At its start, The Cool Kids’ career trajectory moved fairly steadily. It began with a few songs uploaded to a MySpace profile, followed by a mixtape, a few choice festival performances, and the release of their fantastic EP, 2008’s The Bake Sale. Then things slowed down – way down. Three years and a couple mixtapes later, it’s 2011, and the group is only now, finally, unleashing their debut album.
The numerous delays in the release of When Fish Ride Bicycles can be blamed solely on label trouble. Trouble, in fact, that is strikingly similar to what rap duo Clipse dealt with leading up to the release of their album Hell Hath No Fury. The similarities (including production by The Neptunes – which I’ll touch on later) don’t stop there.
A major consequence of Clipse’s label woes was time out of the spotlight, which effectively killed any hype or momentum the group had built. Any close follower of the blogosphere likely senses a similar lull in anticipation when it comes to the release of When Fish Ride Bicycles. But let it be known: it’s here, and it’s just as good as you’d imagined.
The record starts off strong with opener “Rush Hour Traffic,” a track with a constantly evolving beat that immediately quells any fear that the group had gone stale in their time away. Chuck Inglish’s production is as instantly recognizable as ever, and his modern approach to 80s hip hop is just as thrilling as it was when the group first hit the scene. But this isn’t just a simple retread of what we’ve already been exposed to. As evidenced on tracks such as the Travis Barker-assisted “Sour Apples” and lead single “Summer Jam,” the production here is more layered, and much grander, than anything the group has released previously.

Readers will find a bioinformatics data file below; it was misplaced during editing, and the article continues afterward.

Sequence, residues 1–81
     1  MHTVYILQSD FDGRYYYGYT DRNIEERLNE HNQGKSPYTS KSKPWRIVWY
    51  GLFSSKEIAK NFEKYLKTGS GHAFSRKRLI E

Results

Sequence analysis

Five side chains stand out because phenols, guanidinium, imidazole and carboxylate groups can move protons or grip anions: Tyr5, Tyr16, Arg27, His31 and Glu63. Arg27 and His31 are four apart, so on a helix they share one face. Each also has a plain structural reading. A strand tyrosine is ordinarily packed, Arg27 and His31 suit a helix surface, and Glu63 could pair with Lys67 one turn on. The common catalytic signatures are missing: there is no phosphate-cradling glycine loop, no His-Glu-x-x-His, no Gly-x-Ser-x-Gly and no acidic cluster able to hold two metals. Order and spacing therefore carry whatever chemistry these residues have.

Also working in the album’s favor is its cohesion. The Cool Kids’ decision to stick solely with Inglish’s production throughout the entirety of their work has always played a huge role in the consistency of their sound. That the two Neptunes-produced tracks included here – a risky prospect given what I just touched on – fit perfectly within the record means the album retains The Cool Kids’ sonic identity all the way to its finish.
If you’re looking for lyrical substance, you won’t find it here, but any person even vaguely familiar with The Cool Kids should know that’s not really their M.O. – what they lack in lyricism is more than made up for musically. That being said, we are treated to some nice guest verses by Ghostface Killah on album highlight “Penny Hardaway,” arguably the centerpiece of the record. The other guests here, Asher Roth and Chip tha Ripper among them, are much less memorable, but their inclusion does little to no harm to the songs they’re featured on.
Overall, When Fish Ride Bicycles won’t convert any naysayers, but for both fans and those new to the group, this is a tightly-crafted showcase for the unique sound and style of The Cool Kids. With the label drama seemingly behind them, and a strong debut under their belt, let’s hope their next work comes sooner rather than later.